This image is the result of the overnight shooting that I mentioned in my post last week and I would love to have your feedback.
Mittens and Many Firsts
This was my first attempt at capturing and producing a milky way pano.
I planned the shot to include a foreground lit by the moon and stacked sky shot after moonset.
If you read the story, last week then you know that I arrived at this location after a long day and not much sleep. Strangely enough, I didn’t feel the least bit tired! I’m betting that one or two of you know the exhilarating energy that happens during a shoot.
I did a good bit of research to understand the light direction, shadows, elevations etc. and had a good idea of where I wanted to be in order to get the arch aligned with the mittens…
So when I got there, I didn’t have to wander around a great deal. I found a spot where I was able to place my tripod knowing that I could leave it in place all night.
I made my foreground shots and then removed my camera leaving my tripod in place. I made the short hike back to the car for a nap and returned later to capture the sky.
During the foreground shoot, I made a couple of passes to decide whether to shoot full wide at 16mm or full narrow at 35mm. Logically, it is easier to return the camera to its mount and get matching results if you use mechanical stops, like either end of a zoom range. Okay, so I went the more difficult route and shot it all at 24mm. I used a small strip of gaffer tape to fix the zoom ring in place.
So, this pano is two rows high and 6 panels wide.
Foreground: 6 single shots, so no stacking, 3200 iso, 15sec, f/2.8
Background: 8 shots per panel, stacked in Starry Landscape Stacker, 6400 iso, 10 sec, f/2.8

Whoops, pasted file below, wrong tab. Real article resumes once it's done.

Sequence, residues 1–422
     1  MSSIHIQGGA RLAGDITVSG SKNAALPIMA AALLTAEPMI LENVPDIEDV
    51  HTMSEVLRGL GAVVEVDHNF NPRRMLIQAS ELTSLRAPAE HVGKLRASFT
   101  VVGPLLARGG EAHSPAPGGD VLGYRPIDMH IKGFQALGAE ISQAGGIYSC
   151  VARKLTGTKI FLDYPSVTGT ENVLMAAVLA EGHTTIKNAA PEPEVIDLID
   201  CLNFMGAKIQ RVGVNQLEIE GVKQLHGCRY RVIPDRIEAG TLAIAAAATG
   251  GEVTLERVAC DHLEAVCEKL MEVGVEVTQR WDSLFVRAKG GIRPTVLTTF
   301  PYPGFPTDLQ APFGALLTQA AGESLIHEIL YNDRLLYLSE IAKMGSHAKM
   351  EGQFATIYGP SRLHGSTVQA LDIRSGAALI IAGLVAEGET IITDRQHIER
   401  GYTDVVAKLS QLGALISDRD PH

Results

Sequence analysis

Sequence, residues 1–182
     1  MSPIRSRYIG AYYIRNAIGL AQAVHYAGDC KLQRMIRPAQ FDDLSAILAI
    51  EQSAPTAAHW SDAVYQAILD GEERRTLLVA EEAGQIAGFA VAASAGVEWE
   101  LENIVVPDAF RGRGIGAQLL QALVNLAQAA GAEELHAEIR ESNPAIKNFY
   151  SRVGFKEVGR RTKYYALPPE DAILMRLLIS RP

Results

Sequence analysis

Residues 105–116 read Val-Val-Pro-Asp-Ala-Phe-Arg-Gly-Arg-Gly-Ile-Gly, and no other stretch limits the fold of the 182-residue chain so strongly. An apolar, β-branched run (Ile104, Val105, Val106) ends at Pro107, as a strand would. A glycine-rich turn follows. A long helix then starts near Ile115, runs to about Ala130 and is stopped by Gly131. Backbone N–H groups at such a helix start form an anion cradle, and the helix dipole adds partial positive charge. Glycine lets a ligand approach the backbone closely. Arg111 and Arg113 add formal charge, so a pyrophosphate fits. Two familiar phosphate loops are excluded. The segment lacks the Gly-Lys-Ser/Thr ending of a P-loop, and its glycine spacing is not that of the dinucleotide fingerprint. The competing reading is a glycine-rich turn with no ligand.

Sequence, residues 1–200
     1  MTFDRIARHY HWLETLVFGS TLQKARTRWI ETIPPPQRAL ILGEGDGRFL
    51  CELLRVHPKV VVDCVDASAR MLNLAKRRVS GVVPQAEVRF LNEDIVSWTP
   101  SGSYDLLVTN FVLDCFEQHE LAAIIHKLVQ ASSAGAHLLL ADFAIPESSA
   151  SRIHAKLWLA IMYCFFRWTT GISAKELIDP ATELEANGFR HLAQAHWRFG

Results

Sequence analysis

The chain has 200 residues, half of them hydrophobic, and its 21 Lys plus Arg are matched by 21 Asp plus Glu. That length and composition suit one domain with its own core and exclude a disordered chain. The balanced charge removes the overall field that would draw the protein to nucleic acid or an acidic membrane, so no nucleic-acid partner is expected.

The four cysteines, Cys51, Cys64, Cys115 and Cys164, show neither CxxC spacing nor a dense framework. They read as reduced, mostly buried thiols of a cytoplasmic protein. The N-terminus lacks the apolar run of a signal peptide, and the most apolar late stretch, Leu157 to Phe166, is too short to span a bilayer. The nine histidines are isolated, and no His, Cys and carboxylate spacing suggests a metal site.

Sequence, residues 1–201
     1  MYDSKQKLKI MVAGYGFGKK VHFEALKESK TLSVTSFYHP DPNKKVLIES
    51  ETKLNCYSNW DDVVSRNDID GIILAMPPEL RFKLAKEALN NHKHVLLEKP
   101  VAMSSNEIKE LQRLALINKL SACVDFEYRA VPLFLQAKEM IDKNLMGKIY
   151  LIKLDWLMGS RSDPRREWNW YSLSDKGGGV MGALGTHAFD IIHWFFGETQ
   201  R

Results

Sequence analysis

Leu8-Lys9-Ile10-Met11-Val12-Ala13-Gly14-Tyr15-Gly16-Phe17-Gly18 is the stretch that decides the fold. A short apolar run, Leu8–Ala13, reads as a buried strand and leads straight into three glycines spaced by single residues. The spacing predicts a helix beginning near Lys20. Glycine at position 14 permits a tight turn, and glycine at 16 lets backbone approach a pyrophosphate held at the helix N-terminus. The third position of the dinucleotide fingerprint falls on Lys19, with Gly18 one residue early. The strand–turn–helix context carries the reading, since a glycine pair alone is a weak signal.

Pano stitching was all accomplished in Photoshop. I rendered the foreground and then the background and let PS do the work. Then I manually blended the results.
It may be interesting to note that I employed a nodal bar as well.
First time visiting Monument Valley.
First time using a nodal bar.
First time shooting a milky way pano.
First time stitching two horizontal panos to increase vertical field of view.
What technical feedback would you like if any? Any/all.
What artistic feedback would you like if any? Anything that comes to mind.
Any pertinent technical details: see above.
You may only download this image to demonstrate post-processing techniques.
Sky looks terrific and the PP and stitch is very well done.
I would lower the exposure on the land…
If this is a first… I am very much looking forward to seeing your work once you get better at it!!! Seriously, this is incredible.
I suppose we could all talk about the brightness of the landscape. Moonlit of course it could be actually brighter than this… I think for most general reactions thinking of maybe standing there and witnessing the night sky and Milky Way, that perhaps the landscape could be a little darker. But we’re in that subjective and personal choice area. Honestly, I’m just darned impressed at what you accomplished here… Kudos for the planning and execution here. Outstanding work.
Smashing work Tom!! Really looks great. The light on the landscape, luminosity level and stitching all look pretty great and I know sweet fa about milky way photos.
My only critique is that there is a significant distortion of the horizon. I looks like it forming a bowl and thus all the mountains point toward the centre of the frame. It is more significant toward the edges, but is also noticeable in the peak left of centre. This should be a relatively simple fix in photoshop.